Alcohol types

Both types of THC get you high, so why is only one illegal?

One is an illegal drug found in marijuana while the other is marketed as a safe herbal alternative. But the claimed differences between them are not supported by science, reports a group of UConn researchers Nov. 1 in Drug and Alcohol Dependence.

Tetrahydrocannabinol, or THC, is the psychoactive compound produced by cannabis plants. The federal government lists Δ9-THC (pronounced delta-9-THC) on the Schedule 1 list of dangerous drugs with no accepted medical use. But other versions of THC that differ only in the location of a double bond, such as Δ8-THC, quietly remain quasi-legal at the federal level.

Delta-8-THC differs from Delta-9-THC simply by the position of a double bond (pink). Credit: Vortioxetine (see link at bottom of story.)

Differences in legality between different versions of THC cause conflict between the hemp and cannabis industries. There is also potential for harm to consumers. Although Δ8-THC is considered an herbal hemp extract, many manufacturers use solvents and chemical processes that can leave harmful residues in the product, and there are no standards for purity or safety. . Because there are no limits, some products contain ridiculously high levels of ∆8 and other THC variants that could potentially cause harm due to dosage. And states disagree on its safety or legality. Some states, like Connecticut, have made Δ8-THC as controlled as Δ9-THC, while in others it remains legal. Cannabis producers allege that the distinction results in unfair competition between the hemp and marijuana markets.

If the regulation of Δ9-THC as an illegal drug is based on the fact that it has physical and psychoactive effects, then the first step towards rational regulation of Δ8-THC would be to determine whether it also has these effects. And people who have experience with both say it does; most agree that the effects of Δ8 are similar to Δ9.

Steve Kinsey, professor at the UConn School of Nursing and director of the Center for Advancement in Managing Pain, Olivia Vanegas, graduate student, and their colleagues at UConn Chemistry and local startup 3BC Inc decided to test this on mice. Research done in Japan in the 1980s showed that Δ8-THC produced the same effects in mice as Δ9-THC. Kinsey and Vanegas replicated this work and found it to be true: mice given Δ8 became lethargic, their body temperature dropped, and they became cataleptic, meaning the researchers could place the mice in unusual positions and they stayed like that for several seconds. , which is common in THC-treated mice, but not in normal mice.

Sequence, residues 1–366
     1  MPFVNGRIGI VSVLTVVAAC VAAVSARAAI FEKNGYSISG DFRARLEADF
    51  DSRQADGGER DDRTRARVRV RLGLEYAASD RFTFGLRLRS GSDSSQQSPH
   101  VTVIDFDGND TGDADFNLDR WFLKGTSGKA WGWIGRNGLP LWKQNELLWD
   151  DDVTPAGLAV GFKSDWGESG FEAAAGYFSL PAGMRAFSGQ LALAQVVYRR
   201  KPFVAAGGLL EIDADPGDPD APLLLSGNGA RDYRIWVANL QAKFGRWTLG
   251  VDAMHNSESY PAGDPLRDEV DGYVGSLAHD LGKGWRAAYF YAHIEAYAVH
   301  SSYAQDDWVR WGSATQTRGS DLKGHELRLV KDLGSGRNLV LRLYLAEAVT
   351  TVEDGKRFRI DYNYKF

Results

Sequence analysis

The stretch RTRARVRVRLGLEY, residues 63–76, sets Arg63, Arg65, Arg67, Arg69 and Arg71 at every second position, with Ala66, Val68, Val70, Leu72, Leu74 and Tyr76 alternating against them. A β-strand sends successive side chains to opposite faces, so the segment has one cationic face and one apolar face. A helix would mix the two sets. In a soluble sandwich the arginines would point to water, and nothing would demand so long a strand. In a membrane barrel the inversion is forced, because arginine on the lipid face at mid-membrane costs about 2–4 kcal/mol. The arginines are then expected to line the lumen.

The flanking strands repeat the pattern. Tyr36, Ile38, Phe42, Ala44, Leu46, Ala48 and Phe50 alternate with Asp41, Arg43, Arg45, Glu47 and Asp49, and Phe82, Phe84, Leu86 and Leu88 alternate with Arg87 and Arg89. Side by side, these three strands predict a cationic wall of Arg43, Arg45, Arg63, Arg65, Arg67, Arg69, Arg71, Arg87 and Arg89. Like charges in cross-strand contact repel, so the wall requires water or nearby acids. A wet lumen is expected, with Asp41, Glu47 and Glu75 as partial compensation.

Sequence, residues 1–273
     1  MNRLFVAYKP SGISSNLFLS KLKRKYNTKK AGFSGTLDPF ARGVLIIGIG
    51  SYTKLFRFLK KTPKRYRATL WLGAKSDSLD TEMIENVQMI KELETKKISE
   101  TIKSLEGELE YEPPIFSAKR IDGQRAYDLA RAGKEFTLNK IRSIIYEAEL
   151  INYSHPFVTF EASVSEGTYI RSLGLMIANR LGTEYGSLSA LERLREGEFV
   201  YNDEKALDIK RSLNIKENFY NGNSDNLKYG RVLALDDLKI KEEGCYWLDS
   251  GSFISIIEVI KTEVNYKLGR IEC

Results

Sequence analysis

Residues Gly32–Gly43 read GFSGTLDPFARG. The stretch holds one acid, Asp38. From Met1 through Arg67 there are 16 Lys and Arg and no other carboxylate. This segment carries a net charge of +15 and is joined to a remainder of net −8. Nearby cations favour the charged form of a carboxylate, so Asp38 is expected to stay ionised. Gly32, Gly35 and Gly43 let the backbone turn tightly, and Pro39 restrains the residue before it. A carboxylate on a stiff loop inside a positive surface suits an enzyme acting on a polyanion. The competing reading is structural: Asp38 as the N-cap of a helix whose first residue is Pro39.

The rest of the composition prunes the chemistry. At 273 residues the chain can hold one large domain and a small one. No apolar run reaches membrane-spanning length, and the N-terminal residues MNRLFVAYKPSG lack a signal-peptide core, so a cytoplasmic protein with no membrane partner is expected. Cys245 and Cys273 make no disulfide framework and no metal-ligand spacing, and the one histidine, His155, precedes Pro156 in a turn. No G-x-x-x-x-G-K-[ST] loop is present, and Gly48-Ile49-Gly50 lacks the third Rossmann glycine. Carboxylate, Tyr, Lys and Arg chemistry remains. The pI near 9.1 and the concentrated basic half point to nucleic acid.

Then the researchers took it a step further by blocking the mice’s THC receptors. The blocked mice had no reaction to Δ8-THC, which clearly shows that Δ8 interacts with the same receptors as Δ9-THC.

Next, the researchers took a group of mice and gave them Δ8-THC twice a day for five days. Over time, the mice became numb to it. And when they were then given the THC blocker, the mice acted as if they were in withdrawal.

Finally, collaborators at RTI International conducted an experiment “asking” mice how the drug felt. They first trained the mice to travel to a specific location for a reward if given a dose of Δ9-THC. After training, the mice received a dose of Δ8-THC. Unsurprisingly, they traveled to the same reward point as when they received a dose of Δ9.

“So they’re telling us the same thing people buying the products at gas stations are telling us: Δ8 looks like THC,” Kinsey says.

Chemically, this is not surprising. Molecules as similar as Δ8- and Δ9-THC generally (but not always) act the same in the body. But legally, this leads to a lot of complications.

The distinction between Δ8- and Δ9- originated from the Congressional Farm Bill covering the cultivation and sales of hemp. Hemp is defined as a cannabis plant containing less than 0.3% Δ9-THC by dry weight. Anything with more concentrated Δ9-THC than that is considered marijuana. Additionally, the Farm Bill has declared anything else naturally present in the hemp plant to be legal. This includes Δ8-THC.

“It creates a tussle between marijuana and hemp growers,” says John Harloe, an attorney for the Colorado THC Task Force. Products classified as marijuana “must be sold in dispensaries and pay high taxes, while hemp growers can sell essentially the same product but without the same regulations, due to the ambiguity of the Farm Bill,” says Harloe.

Harloe brings Kinsey and Vanegas’ paper to the Colorado task force to inform the discussion. The task force is trying to create appropriate regulations that will address the different chemical variations of THC and protect public safety without crippling the hemp industry. The paper is particularly valuable because there is so little research done on THC and its intoxicating effects, due to federal rules.

“Any scientific element will have an influence,” says Harloe.

(Image credit: ∆9-THC image by Vortioxetine, CC BY-SA 4.0, ∆8-THC is the image of Vortioxetine modified by Kim Krieger/UConn).